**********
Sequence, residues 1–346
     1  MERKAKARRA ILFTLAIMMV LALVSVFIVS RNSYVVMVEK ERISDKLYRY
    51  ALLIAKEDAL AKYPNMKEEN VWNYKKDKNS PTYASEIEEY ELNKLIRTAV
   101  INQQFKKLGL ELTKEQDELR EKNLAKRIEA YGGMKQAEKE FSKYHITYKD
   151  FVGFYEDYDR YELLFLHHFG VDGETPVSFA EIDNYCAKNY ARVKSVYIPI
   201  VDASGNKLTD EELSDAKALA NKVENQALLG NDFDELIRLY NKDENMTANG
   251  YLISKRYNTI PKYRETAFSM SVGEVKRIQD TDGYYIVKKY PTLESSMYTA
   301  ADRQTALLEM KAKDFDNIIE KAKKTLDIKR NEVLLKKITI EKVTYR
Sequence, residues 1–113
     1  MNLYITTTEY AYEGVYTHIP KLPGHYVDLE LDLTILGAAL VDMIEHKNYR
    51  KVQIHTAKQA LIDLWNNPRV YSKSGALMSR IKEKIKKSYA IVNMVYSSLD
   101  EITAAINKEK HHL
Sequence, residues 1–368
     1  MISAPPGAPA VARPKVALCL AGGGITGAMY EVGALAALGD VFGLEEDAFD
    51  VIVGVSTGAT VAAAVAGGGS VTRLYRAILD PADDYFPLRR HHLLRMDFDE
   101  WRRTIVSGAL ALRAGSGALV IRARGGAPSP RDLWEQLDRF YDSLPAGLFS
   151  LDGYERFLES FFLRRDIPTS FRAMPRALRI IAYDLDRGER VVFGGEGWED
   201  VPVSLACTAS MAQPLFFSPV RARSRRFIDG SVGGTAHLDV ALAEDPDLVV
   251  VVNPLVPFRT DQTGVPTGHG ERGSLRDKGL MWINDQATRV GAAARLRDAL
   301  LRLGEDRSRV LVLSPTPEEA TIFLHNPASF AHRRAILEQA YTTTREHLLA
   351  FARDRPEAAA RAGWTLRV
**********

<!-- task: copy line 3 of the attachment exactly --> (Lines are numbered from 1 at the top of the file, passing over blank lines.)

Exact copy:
    51  ALLIAKEDAL AKYPNMKEEN VWNYKKDKNS PTYASEIEEY ELNKLIRTAV